As demand for luxury apartments continues to grow across the country, developers and builders have begun to delve into unexpected locations for new apartment space — vacant office buildings.
According to the Wall Street Journal, Cleveland is one such city that is seeing new luxury apartments move in to what was once office space. The 21-story East Ohio Gas building downtown, which was once home to some of the city’s biggest companies, is set for a summer reopening as a high-end apartment building.
This type of building re-purposing is taking place all over the country, the Wall Street Journal reports. As a result, the traditional economic relationship between residential and commercial real estate is being turned on its head.
Luxury apartments typically charge higher rents than office space, making them more attractive to landlords. The U.S. office space vacancy rate has also remained high despite the economic recovery of the last few years, and demand for high-end apartments has boomed.
“We are seeing increased demand for residential apartment rentals and transforming existing, underutilized office space is an obvious alternative to the high cost of new construction,” says a Senior Marketing Director at Post Brothers Apartments in Philadelphia.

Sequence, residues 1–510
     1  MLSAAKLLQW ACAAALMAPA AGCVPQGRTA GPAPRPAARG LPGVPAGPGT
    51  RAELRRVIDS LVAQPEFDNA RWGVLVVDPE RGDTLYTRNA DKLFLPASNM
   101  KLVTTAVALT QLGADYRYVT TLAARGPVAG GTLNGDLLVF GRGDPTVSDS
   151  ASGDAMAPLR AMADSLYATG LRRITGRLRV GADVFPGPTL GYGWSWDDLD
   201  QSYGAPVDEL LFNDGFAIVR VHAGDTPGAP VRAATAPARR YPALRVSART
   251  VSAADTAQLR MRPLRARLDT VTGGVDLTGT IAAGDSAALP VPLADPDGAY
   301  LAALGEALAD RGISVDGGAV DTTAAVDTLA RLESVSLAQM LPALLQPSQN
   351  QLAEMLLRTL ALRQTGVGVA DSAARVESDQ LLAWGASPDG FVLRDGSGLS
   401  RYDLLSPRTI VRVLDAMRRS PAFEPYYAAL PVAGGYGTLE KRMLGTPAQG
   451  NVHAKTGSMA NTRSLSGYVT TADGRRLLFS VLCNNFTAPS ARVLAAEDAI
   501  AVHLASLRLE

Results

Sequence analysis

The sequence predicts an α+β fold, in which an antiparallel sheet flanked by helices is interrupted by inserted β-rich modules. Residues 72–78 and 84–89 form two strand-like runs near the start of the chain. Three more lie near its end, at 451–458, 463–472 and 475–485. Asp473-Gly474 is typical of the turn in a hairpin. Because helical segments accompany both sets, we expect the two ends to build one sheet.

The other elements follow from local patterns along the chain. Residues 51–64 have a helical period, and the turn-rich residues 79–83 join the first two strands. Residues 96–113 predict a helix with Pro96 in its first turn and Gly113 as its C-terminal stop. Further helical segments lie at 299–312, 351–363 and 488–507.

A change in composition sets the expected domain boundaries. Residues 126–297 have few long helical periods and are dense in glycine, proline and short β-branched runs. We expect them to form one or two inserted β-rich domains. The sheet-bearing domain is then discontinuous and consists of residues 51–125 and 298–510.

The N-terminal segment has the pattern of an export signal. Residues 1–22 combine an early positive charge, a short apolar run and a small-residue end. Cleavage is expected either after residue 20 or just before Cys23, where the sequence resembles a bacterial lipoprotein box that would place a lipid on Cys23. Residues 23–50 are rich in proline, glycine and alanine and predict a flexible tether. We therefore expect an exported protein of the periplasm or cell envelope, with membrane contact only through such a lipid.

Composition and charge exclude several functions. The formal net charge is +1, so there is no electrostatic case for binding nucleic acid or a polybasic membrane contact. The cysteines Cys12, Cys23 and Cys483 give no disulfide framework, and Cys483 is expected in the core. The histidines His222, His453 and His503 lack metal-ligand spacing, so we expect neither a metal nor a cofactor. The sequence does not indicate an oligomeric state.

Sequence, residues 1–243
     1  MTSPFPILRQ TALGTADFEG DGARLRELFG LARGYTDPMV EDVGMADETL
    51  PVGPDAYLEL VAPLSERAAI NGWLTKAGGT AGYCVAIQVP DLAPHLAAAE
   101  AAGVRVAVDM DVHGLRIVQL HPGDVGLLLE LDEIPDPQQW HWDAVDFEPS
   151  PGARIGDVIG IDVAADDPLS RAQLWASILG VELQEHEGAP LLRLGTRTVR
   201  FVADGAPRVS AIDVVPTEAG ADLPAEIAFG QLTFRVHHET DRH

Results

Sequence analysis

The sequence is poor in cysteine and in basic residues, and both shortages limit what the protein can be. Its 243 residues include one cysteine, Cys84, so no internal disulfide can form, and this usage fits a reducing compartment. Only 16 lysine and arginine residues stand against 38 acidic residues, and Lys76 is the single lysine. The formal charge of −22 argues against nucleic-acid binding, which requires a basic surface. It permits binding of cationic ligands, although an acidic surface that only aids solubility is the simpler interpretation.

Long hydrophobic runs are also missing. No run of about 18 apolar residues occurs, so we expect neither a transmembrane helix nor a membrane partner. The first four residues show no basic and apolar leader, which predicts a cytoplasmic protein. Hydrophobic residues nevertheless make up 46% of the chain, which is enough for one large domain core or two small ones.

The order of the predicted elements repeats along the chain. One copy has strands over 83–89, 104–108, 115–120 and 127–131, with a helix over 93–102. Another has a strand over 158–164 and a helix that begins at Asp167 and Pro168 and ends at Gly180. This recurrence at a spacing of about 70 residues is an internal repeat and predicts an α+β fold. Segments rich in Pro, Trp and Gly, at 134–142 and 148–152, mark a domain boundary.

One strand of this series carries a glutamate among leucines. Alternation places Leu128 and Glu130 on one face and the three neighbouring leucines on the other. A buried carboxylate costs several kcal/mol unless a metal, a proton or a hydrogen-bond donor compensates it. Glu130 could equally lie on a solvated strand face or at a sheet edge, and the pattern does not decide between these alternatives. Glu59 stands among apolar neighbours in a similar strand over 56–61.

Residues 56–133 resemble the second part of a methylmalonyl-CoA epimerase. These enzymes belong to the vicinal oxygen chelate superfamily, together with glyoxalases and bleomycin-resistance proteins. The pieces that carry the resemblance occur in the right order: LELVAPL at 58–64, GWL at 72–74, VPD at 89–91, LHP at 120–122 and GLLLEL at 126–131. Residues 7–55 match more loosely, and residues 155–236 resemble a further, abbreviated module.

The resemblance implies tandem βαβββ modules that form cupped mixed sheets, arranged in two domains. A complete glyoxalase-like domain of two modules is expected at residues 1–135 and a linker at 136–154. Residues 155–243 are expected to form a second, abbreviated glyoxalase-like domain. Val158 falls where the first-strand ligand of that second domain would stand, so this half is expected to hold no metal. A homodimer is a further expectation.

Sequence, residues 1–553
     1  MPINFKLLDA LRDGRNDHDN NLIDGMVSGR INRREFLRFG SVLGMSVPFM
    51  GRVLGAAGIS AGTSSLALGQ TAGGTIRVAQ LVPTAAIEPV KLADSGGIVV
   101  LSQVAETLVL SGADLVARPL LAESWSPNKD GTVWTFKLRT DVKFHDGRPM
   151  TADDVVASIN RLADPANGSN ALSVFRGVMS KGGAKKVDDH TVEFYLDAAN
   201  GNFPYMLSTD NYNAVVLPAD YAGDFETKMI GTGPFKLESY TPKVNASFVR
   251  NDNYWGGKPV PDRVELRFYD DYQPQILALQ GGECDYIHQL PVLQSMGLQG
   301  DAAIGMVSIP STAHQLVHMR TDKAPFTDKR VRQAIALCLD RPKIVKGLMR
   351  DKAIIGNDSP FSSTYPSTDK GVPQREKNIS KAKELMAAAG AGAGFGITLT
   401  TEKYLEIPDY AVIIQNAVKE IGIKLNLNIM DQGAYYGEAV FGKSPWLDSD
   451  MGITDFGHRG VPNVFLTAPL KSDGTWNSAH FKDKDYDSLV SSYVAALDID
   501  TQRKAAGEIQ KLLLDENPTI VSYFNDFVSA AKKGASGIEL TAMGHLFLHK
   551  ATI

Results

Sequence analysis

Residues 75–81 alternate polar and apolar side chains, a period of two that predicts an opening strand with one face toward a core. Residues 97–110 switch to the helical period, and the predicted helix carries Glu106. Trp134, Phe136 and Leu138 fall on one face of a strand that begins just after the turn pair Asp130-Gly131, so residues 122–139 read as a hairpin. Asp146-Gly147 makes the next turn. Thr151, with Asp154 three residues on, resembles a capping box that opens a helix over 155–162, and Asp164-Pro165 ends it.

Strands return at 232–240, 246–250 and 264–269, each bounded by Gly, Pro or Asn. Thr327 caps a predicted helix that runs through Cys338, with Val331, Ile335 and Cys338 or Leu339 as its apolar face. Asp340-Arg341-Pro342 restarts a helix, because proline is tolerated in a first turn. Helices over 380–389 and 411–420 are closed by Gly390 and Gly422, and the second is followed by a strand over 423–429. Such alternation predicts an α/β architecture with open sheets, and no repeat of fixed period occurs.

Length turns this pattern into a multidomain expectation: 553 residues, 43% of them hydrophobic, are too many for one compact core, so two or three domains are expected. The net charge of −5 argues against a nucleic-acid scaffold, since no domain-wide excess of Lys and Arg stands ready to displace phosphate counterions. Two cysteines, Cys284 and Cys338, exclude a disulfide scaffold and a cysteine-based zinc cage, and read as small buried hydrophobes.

As housing prices soar in the country’s big population centers, Americans are turning toward renting apartments as a more affordable alternative to buying, according to the New York Times.
“…Across much of California and the Northeast, prices are now high enough that the costs of owning a home – property taxes, repairs, fees to real-estate agents and mortgage interest – may outweigh the financial benefits, including the tax break,” the New York Times article stated.
Research shows that on average, renters save about $560 every month just by renting instead of buying a house. As more Americans see the financial viability of renting an apartment, this trend is likely to continue.